“The artist is a receptacle for emotions that come from all over the place from the sky, from the earth, from a scrap of paper from a passing shape, ” P. Picasso
By Nicosia Smith
A seemingly simple art form, yet exquisite in its detail, form and simplicity.
It’s always an amazement how equally griping black and white images are. That is, when we take a break from color paintings.
So I considered it a good contrast when Swann Auction Galleries,
104 East 25th St, this month featured the black and white images
along side full color paintings.
In Swann’s, Shadows Uplifted: The Rise of African-American Fine Art, noted black and whites included:
- Charles White (1918-1979) Pensive Lass, Charcoal on illustration board, 1936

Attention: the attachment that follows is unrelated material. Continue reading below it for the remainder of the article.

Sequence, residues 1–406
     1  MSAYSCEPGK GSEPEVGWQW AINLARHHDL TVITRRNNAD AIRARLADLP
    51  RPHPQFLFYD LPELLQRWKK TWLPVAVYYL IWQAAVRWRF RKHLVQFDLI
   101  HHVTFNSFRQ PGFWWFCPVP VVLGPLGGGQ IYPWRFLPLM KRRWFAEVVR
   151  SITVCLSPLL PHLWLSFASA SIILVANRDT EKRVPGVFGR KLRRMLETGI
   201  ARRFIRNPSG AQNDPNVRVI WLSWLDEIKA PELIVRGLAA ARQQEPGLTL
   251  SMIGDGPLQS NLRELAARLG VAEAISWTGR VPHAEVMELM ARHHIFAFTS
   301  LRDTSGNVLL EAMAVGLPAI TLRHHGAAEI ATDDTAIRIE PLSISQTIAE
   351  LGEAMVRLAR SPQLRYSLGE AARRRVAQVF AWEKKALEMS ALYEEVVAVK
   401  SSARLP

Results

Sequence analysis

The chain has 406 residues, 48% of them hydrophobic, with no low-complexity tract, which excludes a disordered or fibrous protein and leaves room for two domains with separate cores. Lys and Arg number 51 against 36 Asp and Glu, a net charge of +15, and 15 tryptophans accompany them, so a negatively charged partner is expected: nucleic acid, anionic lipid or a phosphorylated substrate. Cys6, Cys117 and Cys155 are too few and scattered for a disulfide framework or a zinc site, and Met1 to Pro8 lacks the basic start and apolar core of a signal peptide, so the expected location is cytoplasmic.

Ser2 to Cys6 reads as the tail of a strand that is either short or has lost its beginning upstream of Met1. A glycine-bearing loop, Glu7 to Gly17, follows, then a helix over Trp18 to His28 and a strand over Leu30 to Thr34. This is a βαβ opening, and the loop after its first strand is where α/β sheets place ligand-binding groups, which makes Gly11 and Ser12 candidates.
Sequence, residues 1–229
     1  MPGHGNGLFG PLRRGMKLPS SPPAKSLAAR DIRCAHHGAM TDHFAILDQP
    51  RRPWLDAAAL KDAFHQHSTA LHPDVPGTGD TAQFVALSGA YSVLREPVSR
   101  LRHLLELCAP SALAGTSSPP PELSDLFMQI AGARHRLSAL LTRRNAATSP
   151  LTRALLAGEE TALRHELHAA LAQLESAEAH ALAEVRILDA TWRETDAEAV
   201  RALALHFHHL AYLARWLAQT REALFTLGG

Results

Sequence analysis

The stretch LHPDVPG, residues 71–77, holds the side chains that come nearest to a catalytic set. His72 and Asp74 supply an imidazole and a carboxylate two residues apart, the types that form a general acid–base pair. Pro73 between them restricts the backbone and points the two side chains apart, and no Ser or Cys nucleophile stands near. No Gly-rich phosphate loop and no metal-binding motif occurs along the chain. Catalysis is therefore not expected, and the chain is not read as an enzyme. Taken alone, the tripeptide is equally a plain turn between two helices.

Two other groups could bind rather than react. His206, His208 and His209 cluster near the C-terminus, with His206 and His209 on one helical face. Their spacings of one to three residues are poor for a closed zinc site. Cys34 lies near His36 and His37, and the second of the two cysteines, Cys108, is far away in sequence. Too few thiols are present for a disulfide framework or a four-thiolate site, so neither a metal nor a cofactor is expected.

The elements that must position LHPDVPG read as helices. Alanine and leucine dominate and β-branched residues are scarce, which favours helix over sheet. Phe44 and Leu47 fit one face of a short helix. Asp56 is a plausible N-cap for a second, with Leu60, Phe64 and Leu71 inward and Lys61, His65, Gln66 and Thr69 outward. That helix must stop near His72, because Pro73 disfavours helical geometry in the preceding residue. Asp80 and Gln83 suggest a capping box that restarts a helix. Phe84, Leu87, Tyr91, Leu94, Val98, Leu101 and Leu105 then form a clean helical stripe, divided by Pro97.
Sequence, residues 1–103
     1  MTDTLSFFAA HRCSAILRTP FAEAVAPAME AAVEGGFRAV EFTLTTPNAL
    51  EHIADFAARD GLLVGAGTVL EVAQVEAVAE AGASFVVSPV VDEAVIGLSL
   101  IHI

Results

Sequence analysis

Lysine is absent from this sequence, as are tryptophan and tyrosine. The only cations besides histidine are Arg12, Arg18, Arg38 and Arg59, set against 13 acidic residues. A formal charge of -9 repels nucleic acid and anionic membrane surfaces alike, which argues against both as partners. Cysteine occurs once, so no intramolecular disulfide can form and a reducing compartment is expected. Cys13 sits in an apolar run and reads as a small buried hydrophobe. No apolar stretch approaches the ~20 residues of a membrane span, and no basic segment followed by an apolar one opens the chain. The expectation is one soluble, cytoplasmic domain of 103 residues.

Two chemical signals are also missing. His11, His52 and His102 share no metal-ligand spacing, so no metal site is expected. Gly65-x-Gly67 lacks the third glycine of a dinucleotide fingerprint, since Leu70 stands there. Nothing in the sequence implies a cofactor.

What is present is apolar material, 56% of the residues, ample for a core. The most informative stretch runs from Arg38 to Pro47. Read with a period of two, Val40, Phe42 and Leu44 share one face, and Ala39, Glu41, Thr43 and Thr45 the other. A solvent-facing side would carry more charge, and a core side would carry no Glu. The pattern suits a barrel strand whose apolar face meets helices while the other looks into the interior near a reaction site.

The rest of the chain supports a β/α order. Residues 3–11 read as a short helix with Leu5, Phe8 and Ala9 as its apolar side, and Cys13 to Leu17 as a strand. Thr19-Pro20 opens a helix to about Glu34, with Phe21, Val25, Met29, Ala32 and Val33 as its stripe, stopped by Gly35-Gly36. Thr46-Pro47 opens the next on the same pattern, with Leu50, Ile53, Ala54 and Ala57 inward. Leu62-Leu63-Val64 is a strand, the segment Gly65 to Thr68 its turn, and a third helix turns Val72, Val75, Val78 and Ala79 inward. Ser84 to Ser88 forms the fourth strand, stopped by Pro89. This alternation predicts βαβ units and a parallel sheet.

- Allan Rohan Crite (1910-2007) The Last Super
- Aaron Douglas (1888-1979) Snow Storm, Charcoal on woven paper, circa 1950-1955
- Morgan Sparks Smith (1910-1993) Portrait, Charcoal on thin laid paper, 1934
In Douglas’s, Snow Storm, the light and soft strokes beautifully depicted a snow storm, as the wind churned the snow toward the nearby trees and homes.
And even from the lone visible figure in the image, one can see the distress, as they battle the strong winds.
As I confront the current brutal winter in NYC, I have a greater appreciation for this piece.
There is just something about a natural clear image, laid bare with raw emotions. Truly a pleasure.
The self portraits are a beautiful example of this. So one and all, bring on the black and white selfies, as well.
Now, the exhibit had other noted big hitters in African-American contemporary art. Whose works include bronze sculptures, oil on masonite board and watercolors like :
- Claude Clerk (1915-2001)
- William H. Johnson (1901-1970)
- Augusta Savage (1892-1962)
- William A. Harper (1873-1910)
- Hale Woodruff (1900-1980)
- William Edouard Scott (1884-1964)
- Hughie Lee-Smith (1915-1999)
- William E. Artis (1914-1977)
It’s sometimes good to enjoy the simple and uncomplicated, just a thought.